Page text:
Tweet review – Sin Eater – OK, my mind is officially blown; the things Tamara Ober does with her body, shadow and light… Damn, 5 stars #mnfringe
“The way through the darkness is to become one of the animals. Then they can’t get you.”
There are words in Sin Eater, but Sin Eater itself is almost beyond words. Like a joke, you fear that in trying to explain it or describe it to someone else you take something away from it, make it less somehow than it truly is. Words like amazing, mesmerizing, hypnotic, mind-blowing, overwhelming, well, they aren’t really helpful, though any of them could easily be applied to Sin Eater. Choreographer/performer Tamara Ober of Present State Movement has created a compelling dance work in Sin Eater, one that is very easy to submit to, and lose yourself in for an hour. This is the dance show to see at the Fringe this year.
“My father named me [Grace]. He’s a believer.”
Ober takes on the role of Grace, a steely young woman called home to her dying father’s bedside. She is told to go into the mountains and bring back a Sin Eater. The Sin Eater is a shaman who, for a fee, will eat another person’s sins, take them upon himself, allowing the other person’s soul to rise unfettered to the afterlife. Of course, the Sin Eater continues to carry all those other sins with them the rest of their life. What happens when they die?
“It’s not my war, but I’ve carried it with me all my life.”
Sin Eater is Grace’s journey into the wilderness, and into a darkness just as metaphorical and spiritual as it is literal. When she comes out on the other end of her journey, and back to her father’s bedside, she is a very different person.
“In all that darkness I had no idea what I was fighting, or what I killed.”
Tamara Ober is in such complete control of her body that is almost doesn’t seem human. Or perhaps the rest of us humans are just way too careless with the way we swing our bodies around. Time and again I look at my notes and instead of just jotting down a description of what she did, there are exclamations like, “She can be so still!” The smallest movement or twitch can convey volumes of information about her state of mind or relation to her surroundings. When she ripped a strip off a bed sheet, the violence of it in relation to the stillness that came before made an audience member next to me actually gasp. On the opposite end of the movement spectrum, Ober is just as evocative when crossing the stage in big sweeping movements of her arms and legs and torso. The way her body moves and contorts itself implies all we need to know about her surroundings – thick underbrush, low branches, tight spaces, treacherous crossings. Though there is no set, only a bench she turns over in different configurations for different locales, the empty space around her isn’t truly empty. The open air takes on the specifics of the environment Ober indicates with her movement through the space.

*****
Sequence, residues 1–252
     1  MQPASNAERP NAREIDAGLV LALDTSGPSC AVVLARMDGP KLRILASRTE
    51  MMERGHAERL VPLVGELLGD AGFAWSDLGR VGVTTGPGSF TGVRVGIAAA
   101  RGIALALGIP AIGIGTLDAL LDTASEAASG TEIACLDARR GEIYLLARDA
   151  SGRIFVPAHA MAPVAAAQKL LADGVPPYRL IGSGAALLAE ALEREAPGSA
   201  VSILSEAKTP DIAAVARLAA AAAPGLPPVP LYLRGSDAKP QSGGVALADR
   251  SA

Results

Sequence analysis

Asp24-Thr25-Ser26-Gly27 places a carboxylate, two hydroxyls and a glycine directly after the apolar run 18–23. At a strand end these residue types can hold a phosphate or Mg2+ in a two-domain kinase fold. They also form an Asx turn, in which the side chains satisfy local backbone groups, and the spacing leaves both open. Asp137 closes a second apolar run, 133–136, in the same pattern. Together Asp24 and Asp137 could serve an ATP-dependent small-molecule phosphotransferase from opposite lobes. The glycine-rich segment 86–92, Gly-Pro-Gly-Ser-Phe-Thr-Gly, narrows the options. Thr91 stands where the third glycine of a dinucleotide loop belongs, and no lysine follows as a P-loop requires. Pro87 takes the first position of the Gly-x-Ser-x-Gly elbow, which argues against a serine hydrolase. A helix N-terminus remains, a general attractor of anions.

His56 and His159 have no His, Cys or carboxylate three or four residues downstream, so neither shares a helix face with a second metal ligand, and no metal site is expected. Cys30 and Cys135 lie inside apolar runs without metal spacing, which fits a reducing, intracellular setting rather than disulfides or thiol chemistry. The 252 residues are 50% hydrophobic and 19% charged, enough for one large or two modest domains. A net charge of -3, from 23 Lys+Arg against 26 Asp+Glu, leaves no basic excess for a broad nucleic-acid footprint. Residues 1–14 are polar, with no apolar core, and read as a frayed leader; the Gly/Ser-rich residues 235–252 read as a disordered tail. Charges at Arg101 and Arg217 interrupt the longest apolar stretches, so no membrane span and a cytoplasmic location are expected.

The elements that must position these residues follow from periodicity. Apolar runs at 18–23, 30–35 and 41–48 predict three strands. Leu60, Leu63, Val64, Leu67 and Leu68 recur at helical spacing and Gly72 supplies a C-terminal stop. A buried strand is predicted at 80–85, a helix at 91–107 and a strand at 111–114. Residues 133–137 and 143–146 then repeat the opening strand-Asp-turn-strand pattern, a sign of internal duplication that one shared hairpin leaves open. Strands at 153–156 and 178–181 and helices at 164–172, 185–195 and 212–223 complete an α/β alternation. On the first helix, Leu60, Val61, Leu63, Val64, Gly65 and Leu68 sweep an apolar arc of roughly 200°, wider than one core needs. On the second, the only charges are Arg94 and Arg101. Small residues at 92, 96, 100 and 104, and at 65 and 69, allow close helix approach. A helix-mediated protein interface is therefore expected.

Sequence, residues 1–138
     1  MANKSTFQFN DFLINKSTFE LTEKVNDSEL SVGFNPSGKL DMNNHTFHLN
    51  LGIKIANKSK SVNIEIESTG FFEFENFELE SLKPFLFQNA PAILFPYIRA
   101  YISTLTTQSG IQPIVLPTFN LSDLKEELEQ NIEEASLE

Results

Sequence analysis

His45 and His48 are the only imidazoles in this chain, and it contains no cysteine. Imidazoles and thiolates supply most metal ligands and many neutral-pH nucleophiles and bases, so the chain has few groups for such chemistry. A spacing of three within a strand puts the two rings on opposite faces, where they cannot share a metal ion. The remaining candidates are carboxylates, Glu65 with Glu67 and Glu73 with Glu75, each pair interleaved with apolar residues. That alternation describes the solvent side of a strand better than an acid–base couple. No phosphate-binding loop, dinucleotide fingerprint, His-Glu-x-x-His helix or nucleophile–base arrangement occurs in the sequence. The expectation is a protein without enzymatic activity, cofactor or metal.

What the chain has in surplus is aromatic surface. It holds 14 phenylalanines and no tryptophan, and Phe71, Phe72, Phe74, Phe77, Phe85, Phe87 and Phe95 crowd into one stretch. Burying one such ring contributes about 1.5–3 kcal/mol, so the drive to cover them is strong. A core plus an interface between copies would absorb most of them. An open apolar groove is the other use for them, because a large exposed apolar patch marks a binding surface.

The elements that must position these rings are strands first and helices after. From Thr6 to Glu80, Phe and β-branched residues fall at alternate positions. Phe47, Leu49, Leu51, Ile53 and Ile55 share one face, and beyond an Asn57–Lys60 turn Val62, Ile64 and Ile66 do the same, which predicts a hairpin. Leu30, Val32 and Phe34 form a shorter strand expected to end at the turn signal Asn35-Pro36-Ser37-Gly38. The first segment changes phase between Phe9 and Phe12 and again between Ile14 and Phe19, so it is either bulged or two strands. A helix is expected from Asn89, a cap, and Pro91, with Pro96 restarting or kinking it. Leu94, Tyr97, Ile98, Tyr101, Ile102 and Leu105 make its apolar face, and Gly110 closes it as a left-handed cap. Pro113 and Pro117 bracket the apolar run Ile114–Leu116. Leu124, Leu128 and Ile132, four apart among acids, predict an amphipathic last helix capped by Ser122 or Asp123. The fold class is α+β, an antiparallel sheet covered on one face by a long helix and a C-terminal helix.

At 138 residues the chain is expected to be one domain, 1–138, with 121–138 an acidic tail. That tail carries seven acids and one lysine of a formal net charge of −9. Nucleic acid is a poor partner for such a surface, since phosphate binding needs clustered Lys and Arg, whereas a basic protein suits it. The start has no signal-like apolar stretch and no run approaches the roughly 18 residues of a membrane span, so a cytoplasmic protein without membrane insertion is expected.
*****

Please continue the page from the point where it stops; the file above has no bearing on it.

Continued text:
“I didn’t know my father before the war. So maybe I didn’t know him.”
Another key element is the bold use of light, shadow and color in relation to Ober’s body. The lush green of the forest gives way to the soothing blue of the river, where Grace allows herself to rest and revel in the water. The red of the campfire playing across the planes and chords of muscle in Ober’s back seem to create a kind of monster. An extended sequence using a strobe light, along with percussive music, is powerful and unsettling. Grace’s battle with and surrender to the darkness of the night takes things to still another level before the dawn returns. Her hair unbound at last and swinging wildly, it eventually obscures her face entirely. In fact, come morning, Grace’s tentative hand movements imply she is perhaps relieved to still have a face under all that hair as it is slowly pulled back into a ponytail once more.
An eclectic selection of music, too, fills the space and envelops the audience as much as the performer. Sin Eater is an immersive experience on several levels.
“It turns out all you need to do is go home, set down your load, and stop fighting.”
The climax of the performance, conveying the vastness of the night sky, includes some of the most unreal shadow work in an evening full of precise and evocative shadow work. As the conclusion draws near, Ober’s contortions made her shadow seem like a completely separate person, perhaps a parent keeping watch over a child. You almost can’t believe your eyes. How Tamara Ober does it, I don’t know. But what a gift!
And what a gift to audiences Sin Eater is. I keep telling people, if you can only get to a couple of Fringe shows, Ash Land should be one, and Sin Eater should most definitely be the other. Sin Eater is the kind of rich, risk-taking, logic-defying work that you rarely get to see the rest of the year. Take advantage while the Fringe is making it so easy to find.
5 stars – Very Highly Recommended